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Open AccessReview

Deriving Immune Modulating Drugs from Viruses—A New Class of Biologics

1
Center for Personalized Diagnostics, Biodesign Institute, Arizona State University, Tempe, AZ 85281, USA
2
Center for Immunotherapy, Vaccines and Virotherapy, Biodesign Institute, Arizona State University, Tempe, AZ 85281, USA
3
Department of Oncology, Tongji Hospital, Tongji Medical College, Huazhong University of Science and Technology, Wuhan, 430030, China
4
University of Otago, Dunedin, 9054, New Zealand
5
Department of Ophthalmology, University of Florida, Gainesville, FL 32610, USA
6
Department of Pathology and Molecular Medicine, McMaster University, Hamilton, ON L8S4L8, Canada
7
The Department of Tumor Surgery, Second Hospital of Lanzhou University, Lanzhou, 730030, China
8
Department of Molecular Genetics and Microbiology, University of Florida, Gainesville, FL 32610, USA
9
Centro de Biología Molecular Severo Ochoa (Consejo Superior de Investigaciones Científicas and Universidad Autónoma de Madrid), Cantoblanco, Madrid, 28049, Spain
10
St Joseph Hospital, Dignity Health, Creighton University, Phoenix, AZ 85013, USA
*
Author to whom correspondence should be addressed.
These authors contributed equally to this work.
J. Clin. Med. 2020, 9(4), 972; https://doi.org/10.3390/jcm9040972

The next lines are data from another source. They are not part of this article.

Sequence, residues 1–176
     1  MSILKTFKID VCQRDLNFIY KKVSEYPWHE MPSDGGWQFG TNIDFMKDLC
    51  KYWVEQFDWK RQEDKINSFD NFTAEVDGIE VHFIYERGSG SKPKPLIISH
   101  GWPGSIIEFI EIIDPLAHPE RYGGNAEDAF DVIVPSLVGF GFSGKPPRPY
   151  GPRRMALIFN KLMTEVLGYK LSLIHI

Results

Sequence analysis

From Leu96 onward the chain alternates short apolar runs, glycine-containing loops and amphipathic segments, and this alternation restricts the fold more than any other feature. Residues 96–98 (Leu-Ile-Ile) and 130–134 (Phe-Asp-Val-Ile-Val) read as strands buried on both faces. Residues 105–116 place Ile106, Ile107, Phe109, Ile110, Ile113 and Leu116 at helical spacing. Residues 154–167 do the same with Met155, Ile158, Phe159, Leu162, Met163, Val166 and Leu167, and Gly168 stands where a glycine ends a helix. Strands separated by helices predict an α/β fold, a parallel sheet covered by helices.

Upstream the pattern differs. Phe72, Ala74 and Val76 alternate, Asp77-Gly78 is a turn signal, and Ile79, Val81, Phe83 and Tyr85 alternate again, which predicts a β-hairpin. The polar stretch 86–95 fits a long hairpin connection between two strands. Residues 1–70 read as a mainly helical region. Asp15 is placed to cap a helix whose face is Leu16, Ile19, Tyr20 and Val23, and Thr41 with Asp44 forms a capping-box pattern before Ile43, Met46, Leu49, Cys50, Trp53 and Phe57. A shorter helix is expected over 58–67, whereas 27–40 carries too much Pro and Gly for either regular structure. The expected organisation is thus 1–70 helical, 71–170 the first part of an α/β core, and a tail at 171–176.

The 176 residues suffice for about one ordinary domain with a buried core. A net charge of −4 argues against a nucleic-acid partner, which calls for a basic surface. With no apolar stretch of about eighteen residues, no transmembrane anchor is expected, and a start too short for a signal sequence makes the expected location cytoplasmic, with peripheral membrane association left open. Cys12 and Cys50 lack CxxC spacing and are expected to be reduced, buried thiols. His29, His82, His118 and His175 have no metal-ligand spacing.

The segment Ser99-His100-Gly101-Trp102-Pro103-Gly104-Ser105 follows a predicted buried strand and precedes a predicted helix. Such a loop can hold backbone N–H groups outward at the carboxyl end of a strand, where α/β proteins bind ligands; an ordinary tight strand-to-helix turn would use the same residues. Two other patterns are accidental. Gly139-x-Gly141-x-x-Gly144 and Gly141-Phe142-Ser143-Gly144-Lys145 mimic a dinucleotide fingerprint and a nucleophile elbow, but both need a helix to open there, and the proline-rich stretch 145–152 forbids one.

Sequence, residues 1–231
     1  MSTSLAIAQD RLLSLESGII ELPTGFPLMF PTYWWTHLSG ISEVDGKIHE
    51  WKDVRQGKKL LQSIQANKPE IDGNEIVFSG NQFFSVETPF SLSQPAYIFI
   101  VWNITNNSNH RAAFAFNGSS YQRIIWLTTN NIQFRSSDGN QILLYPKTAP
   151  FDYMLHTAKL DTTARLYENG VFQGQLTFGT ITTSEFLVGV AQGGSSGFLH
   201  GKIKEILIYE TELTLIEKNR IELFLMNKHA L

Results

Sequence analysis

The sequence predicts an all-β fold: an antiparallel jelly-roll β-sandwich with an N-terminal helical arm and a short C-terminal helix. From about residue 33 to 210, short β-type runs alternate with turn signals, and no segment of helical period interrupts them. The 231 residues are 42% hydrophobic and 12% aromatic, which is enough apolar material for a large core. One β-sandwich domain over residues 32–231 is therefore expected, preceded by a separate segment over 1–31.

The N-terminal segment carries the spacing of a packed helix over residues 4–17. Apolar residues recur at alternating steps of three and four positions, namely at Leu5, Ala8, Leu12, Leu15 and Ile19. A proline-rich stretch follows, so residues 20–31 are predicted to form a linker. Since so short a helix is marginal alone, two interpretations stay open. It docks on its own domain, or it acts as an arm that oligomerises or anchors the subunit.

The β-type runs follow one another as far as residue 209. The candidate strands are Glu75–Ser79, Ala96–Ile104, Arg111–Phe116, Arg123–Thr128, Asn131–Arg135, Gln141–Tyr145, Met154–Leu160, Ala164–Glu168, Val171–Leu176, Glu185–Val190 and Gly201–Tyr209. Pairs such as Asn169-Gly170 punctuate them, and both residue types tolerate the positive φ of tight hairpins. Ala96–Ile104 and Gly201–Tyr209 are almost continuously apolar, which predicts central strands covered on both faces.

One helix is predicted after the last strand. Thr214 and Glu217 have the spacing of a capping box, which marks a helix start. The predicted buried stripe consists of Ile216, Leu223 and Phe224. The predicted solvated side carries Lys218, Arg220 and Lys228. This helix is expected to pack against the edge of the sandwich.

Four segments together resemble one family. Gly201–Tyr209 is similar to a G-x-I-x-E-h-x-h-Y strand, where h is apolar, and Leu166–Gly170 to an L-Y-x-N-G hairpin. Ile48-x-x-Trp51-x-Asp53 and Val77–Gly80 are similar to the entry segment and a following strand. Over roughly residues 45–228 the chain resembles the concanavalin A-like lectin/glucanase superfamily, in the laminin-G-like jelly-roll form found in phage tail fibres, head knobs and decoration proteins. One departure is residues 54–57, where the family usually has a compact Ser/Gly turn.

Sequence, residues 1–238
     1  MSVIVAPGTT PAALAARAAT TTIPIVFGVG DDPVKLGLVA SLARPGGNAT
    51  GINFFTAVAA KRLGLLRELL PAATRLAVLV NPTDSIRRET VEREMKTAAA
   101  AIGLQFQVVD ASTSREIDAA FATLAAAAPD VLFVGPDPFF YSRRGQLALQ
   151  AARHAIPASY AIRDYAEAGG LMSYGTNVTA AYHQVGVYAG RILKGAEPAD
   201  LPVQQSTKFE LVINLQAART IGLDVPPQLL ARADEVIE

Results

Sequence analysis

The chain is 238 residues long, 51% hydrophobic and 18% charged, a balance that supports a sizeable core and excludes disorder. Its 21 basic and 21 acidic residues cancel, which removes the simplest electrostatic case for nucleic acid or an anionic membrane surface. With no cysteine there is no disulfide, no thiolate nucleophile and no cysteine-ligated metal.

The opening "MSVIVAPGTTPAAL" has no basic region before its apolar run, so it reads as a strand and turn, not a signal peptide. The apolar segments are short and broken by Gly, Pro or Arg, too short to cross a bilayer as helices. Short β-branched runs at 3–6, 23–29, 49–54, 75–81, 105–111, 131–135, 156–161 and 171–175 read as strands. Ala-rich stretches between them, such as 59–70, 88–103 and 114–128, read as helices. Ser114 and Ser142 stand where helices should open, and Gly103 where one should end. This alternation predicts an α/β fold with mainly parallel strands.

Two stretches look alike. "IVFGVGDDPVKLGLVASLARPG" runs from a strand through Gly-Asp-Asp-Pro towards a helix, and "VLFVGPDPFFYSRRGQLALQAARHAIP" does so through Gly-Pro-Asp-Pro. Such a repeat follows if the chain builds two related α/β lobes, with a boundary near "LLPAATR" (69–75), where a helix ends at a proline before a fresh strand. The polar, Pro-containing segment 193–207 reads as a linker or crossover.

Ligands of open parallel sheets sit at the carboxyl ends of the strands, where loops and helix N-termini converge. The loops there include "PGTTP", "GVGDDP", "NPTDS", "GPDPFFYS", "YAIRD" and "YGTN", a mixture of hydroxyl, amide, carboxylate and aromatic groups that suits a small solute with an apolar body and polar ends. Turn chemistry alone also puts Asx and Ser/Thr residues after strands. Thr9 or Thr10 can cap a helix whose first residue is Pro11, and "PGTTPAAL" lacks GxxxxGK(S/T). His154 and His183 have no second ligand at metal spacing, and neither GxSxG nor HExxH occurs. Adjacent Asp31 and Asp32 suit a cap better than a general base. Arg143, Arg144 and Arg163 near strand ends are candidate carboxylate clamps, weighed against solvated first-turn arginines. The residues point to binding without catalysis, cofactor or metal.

Received: 18 February 2020 / Revised: 19 March 2020 / Accepted: 23 March 2020 / Published: 31 March 2020
Viruses are widely used as a platform for the production of therapeutics. Vaccines containing live, dead and components of viruses, gene therapy vectors and oncolytic viruses are key examples of clinically-approved therapeutic uses for viruses. Despite this, the use of virus-derived proteins as natural sources for immune modulators remains in the early stages of development. Viruses have evolved complex, highly effective approaches for immune evasion. Originally developed for protection against host immune responses, viral immune-modulating proteins are extraordinarily potent, often functioning at picomolar concentrations. These complex viral intracellular parasites have “performed the R&D”, developing highly effective immune evasive strategies over millions of years. These proteins provide a new and natural source for immune-modulating therapeutics, similar in many ways to penicillin being developed from mold or streptokinase from bacteria. Virus-derived serine proteinase inhibitors (serpins), chemokine modulating proteins, complement control, inflammasome inhibition, growth factors (e.g., viral vascular endothelial growth factor) and cytokine mimics (e.g., viral interleukin 10) and/or inhibitors (e.g., tumor necrosis factor) have now been identified that target central immunological response pathways. We review here current development of virus-derived immune-modulating biologics with efficacy demonstrated in pre-clinical or clinical studies, focusing on pox and herpesviruses-derived immune-modulating therapeutics. View Full-Text
Keywords: virus; immune modulation; protein; serpin; chemokine binding protein; chemokine; growth factor; cytokine; interleukin; therapeutic; biologic virus; immune modulation; protein; serpin; chemokine binding protein; chemokine; growth factor; cytokine; interleukin; therapeutic; biologic
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Yaron, J.R.; Zhang, L.; Guo, Q.; Burgin, M.; Schutz, L.N.; Awo, E.; Wise, L.; Krause, K.L.; Ildefonso, C.J.; Kwiecien, J.M.; Juby, M.; Rahman, M.M.; Chen, H.; Moyer, R.W.; Alcami, A.; McFadden, G.; Lucas, A.R. Deriving Immune Modulating Drugs from Viruses—A New Class of Biologics. J. Clin. Med. 2020, 9, 972.

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